Stories - Cellink: Changing the world, one lab at a time
In 2015, Cellink shook up the industry with its breakthrough universal bio ink, the very first on the market to be commercialised. The Gothenburg-based company offered a 3D printable bio ink, which is used to print organs and tissues. This allows medical tests to be carried out on human tissue instead of animals or humans. Here’s how it all started.
When the bioprinting industry was in its early days, a few companies were creating very complex and expensive bioprinters for a few research groups around the world. The field was very focused on the hardware, but no one was making the actual ink or material to print organs. During the FTI Project, Cellink developed tissue models for toxicology applications and realised that many researchers were having difficulties developing their cancer models for different drug tests. The company decided to transform this challenge into a new business opportunity, revolutionising MedTech with the world’s most cost-effective bioprinter, priced at $4,999.
“The innovation behind the printer is using cost-effective components and software algorithms to overcome mechanical challenges that the expensive printers had. In turn, that enabled us to become super user-friendly, but also very advanced”, explained Erik Gatenholm, CEO of Cellink.
The European Innovation Council followed the Swedish company's exponential growth, providing both Fast Track to Innovation (FTI) and EIC Accelerator Grants. After the FTI, the company jumped into the TumourPrint project, funded by the EIC Accelerator, and brought a new type of technology to the market. BIO X6 is a new six-printhead bioprinting system that has the capability to print cancer tumours for researchers. The CEO Erik Gatenholm recognises the importance of these grants to achieve these results and disrupt the field.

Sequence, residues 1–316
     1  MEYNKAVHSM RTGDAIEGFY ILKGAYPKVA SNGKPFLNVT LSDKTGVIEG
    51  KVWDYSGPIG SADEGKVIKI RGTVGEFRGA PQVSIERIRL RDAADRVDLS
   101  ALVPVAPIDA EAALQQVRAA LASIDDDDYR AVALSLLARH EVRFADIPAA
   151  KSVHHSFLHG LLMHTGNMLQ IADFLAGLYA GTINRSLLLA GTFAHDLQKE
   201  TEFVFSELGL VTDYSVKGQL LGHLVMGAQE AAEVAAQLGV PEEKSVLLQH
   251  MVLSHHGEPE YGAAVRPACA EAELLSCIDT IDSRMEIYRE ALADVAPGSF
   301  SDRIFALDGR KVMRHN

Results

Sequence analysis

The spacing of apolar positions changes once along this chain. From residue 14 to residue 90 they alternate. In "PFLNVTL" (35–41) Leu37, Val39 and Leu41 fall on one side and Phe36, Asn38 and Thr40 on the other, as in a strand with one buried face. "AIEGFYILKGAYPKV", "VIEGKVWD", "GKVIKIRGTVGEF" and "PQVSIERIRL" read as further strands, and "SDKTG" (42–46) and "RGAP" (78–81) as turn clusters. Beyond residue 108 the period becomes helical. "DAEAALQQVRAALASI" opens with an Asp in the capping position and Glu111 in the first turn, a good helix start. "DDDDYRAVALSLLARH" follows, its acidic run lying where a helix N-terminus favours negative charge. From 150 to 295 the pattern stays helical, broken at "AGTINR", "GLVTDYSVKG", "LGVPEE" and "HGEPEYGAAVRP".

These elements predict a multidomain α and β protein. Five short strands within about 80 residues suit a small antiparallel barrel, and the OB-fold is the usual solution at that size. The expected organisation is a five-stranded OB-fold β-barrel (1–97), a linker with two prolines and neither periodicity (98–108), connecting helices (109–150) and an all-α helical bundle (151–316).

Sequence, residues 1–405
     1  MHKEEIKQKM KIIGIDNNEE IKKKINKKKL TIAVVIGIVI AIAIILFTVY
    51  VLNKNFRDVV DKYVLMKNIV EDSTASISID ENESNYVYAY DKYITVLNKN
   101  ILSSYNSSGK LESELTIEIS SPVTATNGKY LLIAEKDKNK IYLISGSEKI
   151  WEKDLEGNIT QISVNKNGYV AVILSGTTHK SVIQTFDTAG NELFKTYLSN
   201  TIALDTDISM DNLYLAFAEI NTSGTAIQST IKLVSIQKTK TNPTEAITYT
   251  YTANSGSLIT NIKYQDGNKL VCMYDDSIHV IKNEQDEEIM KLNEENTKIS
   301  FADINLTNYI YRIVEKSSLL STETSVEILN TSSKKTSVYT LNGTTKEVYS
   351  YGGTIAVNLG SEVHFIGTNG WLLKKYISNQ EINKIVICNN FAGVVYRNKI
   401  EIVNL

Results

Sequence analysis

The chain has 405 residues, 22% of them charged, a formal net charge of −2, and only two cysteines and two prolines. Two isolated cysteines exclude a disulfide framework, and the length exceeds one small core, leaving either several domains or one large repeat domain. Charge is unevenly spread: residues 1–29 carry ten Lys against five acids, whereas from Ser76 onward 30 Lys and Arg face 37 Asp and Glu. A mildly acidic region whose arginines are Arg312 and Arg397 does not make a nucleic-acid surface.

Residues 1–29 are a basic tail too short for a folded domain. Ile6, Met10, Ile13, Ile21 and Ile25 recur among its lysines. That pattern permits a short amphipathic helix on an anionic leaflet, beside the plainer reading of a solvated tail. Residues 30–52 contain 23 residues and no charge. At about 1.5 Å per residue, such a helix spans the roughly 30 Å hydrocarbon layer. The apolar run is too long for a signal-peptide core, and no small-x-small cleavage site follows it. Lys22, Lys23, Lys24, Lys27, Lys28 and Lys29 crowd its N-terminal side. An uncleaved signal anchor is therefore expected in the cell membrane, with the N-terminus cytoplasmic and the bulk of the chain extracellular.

“Between 2017 and 2018, we developed our company tremendously, and I think the fact that we received FTI and EIC Accelerator Funding contributed immensely to this. We learned a lot from a project management perspective as well as on developing new products and bringing them to the market. And I think that’s an important step in any business to bring it to a successful stage.”
Four years. 1,000 scientists. 55 countries.
In 2016, when the company officially started, Cellink’s IPO was more than 1070% over-subscribed. As a result, the founder Erik Gatenholm was placed on the Forbes’ “30 under 30” list in 2018, becoming Entrepreneur of the Year. In just four years of existence, the company has been able to commercialise products used by more than 1.000 scientists across more than 55 countries, but Erik Gatenholm doesn’t want to stop here.
“My dream is to continue to build this corporation to become one of the largest global companies. Not just in the life-science field, but one of the largest companies in the world with a focus on impacting and changing patients. The EIC grants were definitely helpful because they enabled us to gain valuable connections, while also increasing our capacity to complete the project and consequently bring products to the market”.
The company received a Phase 2 grant of € 2.4 Millions in 2018. The project TumourPrint will end in 2021.